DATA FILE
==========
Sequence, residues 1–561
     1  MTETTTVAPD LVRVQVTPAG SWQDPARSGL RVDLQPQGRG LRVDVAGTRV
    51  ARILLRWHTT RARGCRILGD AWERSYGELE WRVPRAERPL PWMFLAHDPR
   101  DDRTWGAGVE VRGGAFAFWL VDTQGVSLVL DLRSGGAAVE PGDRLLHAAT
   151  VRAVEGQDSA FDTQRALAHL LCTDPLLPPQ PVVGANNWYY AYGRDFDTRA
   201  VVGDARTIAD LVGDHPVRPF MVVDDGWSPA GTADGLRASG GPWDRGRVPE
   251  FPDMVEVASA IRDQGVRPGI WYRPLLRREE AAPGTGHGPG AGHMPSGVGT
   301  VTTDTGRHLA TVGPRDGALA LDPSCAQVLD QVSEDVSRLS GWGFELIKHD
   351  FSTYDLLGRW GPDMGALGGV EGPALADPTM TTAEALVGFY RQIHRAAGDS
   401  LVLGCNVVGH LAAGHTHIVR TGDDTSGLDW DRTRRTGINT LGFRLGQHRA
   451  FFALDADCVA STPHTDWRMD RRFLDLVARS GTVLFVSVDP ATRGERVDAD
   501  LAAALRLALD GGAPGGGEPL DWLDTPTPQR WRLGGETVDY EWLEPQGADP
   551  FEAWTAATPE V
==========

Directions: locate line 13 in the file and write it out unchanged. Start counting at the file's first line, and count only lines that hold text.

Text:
   551  FEAWTAATPE V